Lest We Forget - African American Military History by Researcher, 
				Author and Veteran Bennie McRae, Jr.


American Hero of Normandy Beach

One of the American Heroes of Normandy Beach--a young medic who ignored his own wounds for five days and five nights after D-Day to help his unit take care of 350 casualties they treated until D-Day plus 5--is in Camp Stewart awaiting his next assignment.

He is Sgt. Waverly B. Woodson, Jr., of Philadelphia, Pa., supply sergeant and pharmacist of the 320th AA Balloon Battalion, VLA (Very Low Altitude), Medical Detachment. He is scheduled to broadcast his experiences over a coast-to coast hookup.

Sgt. Woodson, awarded the Bronze Star Citation for meritorious achievement in the face of enemy fire, finally underwent a three-hour operation on D-Day plus 6 for the removal of the mortar fragment that had torn through his leg and imbedded itself in his groin on the morning of D-Day while his ship was approaching the beach.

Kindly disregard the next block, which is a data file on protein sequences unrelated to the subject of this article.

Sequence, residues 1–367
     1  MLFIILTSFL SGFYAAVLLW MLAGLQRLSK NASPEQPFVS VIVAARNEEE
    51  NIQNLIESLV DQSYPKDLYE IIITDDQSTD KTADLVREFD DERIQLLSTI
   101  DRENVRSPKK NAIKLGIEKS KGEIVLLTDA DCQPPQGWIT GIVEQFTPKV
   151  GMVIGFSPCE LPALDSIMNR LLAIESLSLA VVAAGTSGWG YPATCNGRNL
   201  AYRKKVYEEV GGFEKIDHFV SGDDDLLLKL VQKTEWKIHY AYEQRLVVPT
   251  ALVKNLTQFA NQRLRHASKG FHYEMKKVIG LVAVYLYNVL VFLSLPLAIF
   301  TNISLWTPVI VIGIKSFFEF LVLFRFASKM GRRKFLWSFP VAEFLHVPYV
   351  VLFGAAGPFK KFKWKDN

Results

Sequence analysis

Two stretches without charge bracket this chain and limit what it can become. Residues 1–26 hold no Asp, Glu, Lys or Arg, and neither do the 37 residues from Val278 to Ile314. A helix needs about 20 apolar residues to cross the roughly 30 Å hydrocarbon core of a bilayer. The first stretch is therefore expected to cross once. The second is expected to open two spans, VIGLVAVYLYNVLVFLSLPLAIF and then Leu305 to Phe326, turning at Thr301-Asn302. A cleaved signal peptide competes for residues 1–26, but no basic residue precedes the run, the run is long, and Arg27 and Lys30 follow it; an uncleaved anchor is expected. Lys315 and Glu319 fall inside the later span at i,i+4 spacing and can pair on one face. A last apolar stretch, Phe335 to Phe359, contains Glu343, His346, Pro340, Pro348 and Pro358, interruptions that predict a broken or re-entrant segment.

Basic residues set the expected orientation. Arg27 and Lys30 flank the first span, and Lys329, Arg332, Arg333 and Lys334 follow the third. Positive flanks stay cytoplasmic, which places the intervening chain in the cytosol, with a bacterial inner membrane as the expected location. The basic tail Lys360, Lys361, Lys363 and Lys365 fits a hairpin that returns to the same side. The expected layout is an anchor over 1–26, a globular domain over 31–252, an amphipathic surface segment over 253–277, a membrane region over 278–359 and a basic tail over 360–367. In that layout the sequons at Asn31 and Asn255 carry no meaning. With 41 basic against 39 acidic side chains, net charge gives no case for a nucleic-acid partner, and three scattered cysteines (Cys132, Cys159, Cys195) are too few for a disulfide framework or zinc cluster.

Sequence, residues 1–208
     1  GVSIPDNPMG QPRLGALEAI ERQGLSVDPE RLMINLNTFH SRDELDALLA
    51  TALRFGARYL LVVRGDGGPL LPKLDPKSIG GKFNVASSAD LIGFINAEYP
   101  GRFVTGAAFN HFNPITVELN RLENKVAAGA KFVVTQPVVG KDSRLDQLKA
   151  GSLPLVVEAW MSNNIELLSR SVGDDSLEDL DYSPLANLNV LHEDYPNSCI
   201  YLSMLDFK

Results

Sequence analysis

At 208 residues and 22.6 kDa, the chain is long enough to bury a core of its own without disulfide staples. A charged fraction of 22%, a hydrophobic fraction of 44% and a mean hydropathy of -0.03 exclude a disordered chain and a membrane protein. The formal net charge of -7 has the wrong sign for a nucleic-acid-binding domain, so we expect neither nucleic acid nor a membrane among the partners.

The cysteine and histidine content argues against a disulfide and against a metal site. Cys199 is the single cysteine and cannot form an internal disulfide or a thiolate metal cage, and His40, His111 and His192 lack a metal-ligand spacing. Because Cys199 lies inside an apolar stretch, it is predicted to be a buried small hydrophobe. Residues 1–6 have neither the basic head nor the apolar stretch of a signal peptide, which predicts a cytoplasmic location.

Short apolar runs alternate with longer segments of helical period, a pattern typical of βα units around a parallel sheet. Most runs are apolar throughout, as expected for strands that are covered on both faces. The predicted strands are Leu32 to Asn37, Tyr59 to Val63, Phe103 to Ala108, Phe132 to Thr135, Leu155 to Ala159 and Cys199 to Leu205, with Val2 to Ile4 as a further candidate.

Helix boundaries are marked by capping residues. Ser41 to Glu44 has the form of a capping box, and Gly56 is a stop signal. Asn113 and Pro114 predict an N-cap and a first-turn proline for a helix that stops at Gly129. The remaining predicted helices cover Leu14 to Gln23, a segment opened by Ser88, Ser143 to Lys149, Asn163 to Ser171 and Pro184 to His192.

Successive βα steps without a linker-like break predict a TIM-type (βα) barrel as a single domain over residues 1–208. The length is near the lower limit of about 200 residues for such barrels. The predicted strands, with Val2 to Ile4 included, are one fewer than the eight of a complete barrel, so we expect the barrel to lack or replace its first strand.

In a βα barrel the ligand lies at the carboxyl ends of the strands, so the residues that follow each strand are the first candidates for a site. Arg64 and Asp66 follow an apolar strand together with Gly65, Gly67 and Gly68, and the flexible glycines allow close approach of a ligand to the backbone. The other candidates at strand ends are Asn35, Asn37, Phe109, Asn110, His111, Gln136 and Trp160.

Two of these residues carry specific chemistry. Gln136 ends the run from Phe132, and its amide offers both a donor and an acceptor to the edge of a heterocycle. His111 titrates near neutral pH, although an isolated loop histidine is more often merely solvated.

The LCT (Landing Craft Tank) which carried Woodson and his unit was a target for heavy enemy fire as it approached the beach. Twenty-six of the 27 Navy personnel and many of the Army personnel were killed or injured. At the height of enemy fire the craft struck a submerged mine, crippling the boat. Unable to move under its own power, the boat drifted into shore with the tide. The men went over the side and waded ashore amid heavy fire.

During those five days and nights when the Americans were fighting furiously to establish their beachhead, Woodson performed another act of mercy beyond call of duty that saved the lives of many men who otherwise might have died.

On D-Day plus 1, a heavy surf shredded a shore rope. Fully equipped infantrymen tossed helplessly, fought valiantly to reach the beach, without the hemp guide.

The only medic on the beach, the dead-tired Woodson revived the near-drowned men, shouted first aid instructions to other infantrymen. When aid arrived, virtually all the men had recovered.

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Category: World War II | Subcategory: D-Day | Tags: World War II
Related Topics / Keywords / Phrases: African American, Andy, Army, DC, Ohio, Sergeant, Ward, World War II,